Courtesy LESLIE LYNCH-WILSON and LITA TONEY
Lincoln Park Preservation Alliance
We are in jeopardy of losing the historic art deco Neisner Dime Store Building, 1736 Fort Street, Lincoln Park due to a proposed grocery story by Save-A-Lot to encompass 1736 and 1716 Fort Street. Neisner Dime Store building is located within the National Register of Historic Places-Eligible North Fort Street Historic District. Not only would we lose a historically significant structure but it would also greatly impact our ability to getting the Federal 20% historic preservation tax credit for contributing properties within the historic district.
Save A Lot wants the DDA to replace the back parking lot, remove some planter boxes and trees as well as commit to snow removal of the parking lot which is already being done during the winter. They also want the DDA to replace a portion of the parking lot. Snow removal is already being done. And wants the DDA to not to object to the sign on top of the building which remains from the Arbor Drug Store days as well as a 2nd sign out by Southfield Road. They also want to change the traffic direction of the alley.
The DDA approved a not to exceed figure for the work. Only Nay was Leslie Lynch-Wilson. The DDA feels that the side walk and parking lot need to be done regardless. Save A Lot proposes a 15,000 square foot building within the CVS building, demo Neisner Building to add onto the building, and create a walk way to connect pedestrian foot traffic from Fort Street to rear lot. Basically DDA felt that the design was ugly, wanted more windows on Fort Street side.
(Lincoln Park Emergency Manager Brad) Coulter said that they were starting with an ugly building. The coolers are also along that 'back' wall which prevents windows. There is a door and awning on the Fort Street side but the main door would be parking lot side. Pete Romain felt that the layout of the store was wrong. Coulter said that brokers have said that LP is a pass through community and that we need to do something so that Detroit doesn't move in. Coulter's attitude was like we need to do something and like somethings better than nothing. But the DDA had the same attitude on the condos and look where that got the DDA. Property owner would invest $1.5 million into the property with Save A Lot leasing for 10 years.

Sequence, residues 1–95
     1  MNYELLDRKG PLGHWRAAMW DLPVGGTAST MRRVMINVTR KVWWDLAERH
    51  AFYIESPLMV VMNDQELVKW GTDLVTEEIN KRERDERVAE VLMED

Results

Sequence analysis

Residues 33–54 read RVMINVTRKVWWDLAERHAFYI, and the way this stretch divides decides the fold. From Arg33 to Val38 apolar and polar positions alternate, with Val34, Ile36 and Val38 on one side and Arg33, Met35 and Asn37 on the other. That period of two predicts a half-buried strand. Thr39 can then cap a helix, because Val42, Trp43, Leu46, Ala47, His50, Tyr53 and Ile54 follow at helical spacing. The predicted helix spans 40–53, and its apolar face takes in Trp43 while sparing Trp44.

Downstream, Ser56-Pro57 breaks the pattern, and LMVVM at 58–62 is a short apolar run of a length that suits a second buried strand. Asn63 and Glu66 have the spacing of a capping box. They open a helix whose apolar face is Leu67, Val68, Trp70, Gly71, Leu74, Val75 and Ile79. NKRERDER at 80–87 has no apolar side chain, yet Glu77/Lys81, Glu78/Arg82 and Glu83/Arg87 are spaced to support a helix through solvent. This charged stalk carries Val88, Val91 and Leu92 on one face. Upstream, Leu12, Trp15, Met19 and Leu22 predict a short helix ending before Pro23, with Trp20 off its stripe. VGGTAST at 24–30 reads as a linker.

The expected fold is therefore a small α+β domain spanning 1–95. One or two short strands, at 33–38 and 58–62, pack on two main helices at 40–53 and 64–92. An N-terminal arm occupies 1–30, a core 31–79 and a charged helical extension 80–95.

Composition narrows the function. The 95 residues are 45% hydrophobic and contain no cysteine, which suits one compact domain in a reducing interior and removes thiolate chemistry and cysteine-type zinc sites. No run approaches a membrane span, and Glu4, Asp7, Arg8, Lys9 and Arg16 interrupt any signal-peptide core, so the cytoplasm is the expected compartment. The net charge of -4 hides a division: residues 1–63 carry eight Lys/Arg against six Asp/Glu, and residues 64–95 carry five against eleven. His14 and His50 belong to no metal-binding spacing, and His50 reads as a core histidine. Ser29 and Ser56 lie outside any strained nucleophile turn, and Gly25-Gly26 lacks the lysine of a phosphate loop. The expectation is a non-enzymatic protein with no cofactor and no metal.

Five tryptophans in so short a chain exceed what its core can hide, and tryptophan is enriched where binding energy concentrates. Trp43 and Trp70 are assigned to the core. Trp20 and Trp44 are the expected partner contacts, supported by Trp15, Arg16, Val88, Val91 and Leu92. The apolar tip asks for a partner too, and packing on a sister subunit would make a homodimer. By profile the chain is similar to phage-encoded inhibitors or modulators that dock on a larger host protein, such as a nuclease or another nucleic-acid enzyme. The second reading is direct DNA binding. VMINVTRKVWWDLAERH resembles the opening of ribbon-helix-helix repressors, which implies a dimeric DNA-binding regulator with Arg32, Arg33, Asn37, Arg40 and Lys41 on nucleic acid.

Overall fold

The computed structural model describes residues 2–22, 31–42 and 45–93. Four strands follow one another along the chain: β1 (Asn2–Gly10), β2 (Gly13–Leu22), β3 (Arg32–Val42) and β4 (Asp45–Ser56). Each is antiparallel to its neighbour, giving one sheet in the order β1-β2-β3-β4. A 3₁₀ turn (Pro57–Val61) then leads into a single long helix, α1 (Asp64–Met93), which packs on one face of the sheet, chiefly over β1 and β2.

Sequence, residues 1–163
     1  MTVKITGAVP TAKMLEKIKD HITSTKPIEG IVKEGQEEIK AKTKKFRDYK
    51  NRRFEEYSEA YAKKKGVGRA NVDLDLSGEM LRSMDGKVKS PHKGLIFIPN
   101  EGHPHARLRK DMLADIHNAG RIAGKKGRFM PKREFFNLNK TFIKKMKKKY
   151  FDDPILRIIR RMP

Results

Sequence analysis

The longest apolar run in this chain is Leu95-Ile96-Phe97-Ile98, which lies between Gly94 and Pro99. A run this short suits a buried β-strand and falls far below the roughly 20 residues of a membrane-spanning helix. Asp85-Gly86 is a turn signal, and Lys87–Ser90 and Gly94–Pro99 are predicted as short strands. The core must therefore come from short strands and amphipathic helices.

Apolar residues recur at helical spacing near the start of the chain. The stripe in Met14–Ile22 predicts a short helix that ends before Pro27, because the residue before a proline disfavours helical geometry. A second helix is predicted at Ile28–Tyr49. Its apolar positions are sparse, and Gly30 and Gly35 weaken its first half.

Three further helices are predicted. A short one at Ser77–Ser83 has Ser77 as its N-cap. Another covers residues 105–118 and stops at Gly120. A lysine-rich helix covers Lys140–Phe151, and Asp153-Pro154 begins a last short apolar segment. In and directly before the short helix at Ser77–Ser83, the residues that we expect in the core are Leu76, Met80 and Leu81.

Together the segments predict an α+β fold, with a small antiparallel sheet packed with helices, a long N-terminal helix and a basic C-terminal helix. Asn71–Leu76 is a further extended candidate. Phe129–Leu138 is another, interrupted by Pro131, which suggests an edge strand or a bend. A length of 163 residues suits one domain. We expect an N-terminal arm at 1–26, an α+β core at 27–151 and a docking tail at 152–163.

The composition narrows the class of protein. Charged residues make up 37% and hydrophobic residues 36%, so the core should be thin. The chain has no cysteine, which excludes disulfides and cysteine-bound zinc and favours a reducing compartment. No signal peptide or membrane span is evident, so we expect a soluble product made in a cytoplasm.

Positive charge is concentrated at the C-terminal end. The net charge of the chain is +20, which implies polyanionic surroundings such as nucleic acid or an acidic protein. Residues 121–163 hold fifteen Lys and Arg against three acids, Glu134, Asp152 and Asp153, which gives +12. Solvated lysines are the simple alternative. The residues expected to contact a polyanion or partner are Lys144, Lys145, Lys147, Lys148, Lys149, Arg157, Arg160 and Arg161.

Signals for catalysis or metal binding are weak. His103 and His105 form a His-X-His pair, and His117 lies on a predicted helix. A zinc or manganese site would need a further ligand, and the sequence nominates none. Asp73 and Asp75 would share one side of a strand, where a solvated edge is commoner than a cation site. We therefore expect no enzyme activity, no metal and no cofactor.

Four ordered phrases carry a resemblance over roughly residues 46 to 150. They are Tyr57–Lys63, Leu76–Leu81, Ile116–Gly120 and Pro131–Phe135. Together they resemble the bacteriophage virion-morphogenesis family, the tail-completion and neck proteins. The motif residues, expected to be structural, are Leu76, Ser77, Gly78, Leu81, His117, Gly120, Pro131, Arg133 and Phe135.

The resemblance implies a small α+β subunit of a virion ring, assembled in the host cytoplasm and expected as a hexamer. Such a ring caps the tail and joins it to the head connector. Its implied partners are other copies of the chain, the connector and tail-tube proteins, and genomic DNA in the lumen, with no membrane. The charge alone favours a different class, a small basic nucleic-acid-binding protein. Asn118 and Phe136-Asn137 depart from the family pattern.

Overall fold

Evidently other communities are being considered and Save A Lot had a hard sell on their investment committee due to the rear parking lot. As to the National Register of Historic Places Historic District - the status is that the northwest side of Fort Street from Fort & Southfield (old Woolworth building) to Euclid and across to the Park Theatre and the old bank is part of a the National Register of Historic Places- Eligible Historic District known as the North Fort Street Historic District. Yes, declared "eligible" by the National Register Coordinator at the Michigan Historic Preservation Office, Lansing, MI in 2008.
Why not complete? It typically takes a year of research and writing to complete and get approved a nomination to the National Register of Historic Places. A historic district is very extensive work compared to a single building. A consultant has been needed to be hired to do the nomination on a timely basis. LPPA has the funds but one consultant felt that the project was not the best fit for them and another consultant did not want to do the project because she did not want to take LPPA's hard earned money. The price for a consultant is $6000 or $5000 if LPPA does the photography themselves. LPPA then recruited a volunteer who eventually quit due to lack of time for the project. The other issue with the DDA supporting the demolition of Save A Lot is that the DDA is an associated member of Michigan Main Street. The Main Street program is all about historic preservation. DDA risks that status. However, eligibility is enough in the event if Federal funds (as opposed to private funds) would be used. Then the developer and Save A Lot would have to go through a Section 106 Review with the MI State Historic Preservation Office.
POST-SCRIPT: In late 2014, the Neisner building was in fact torn down, and the Save-A-Lot opened in late 2015.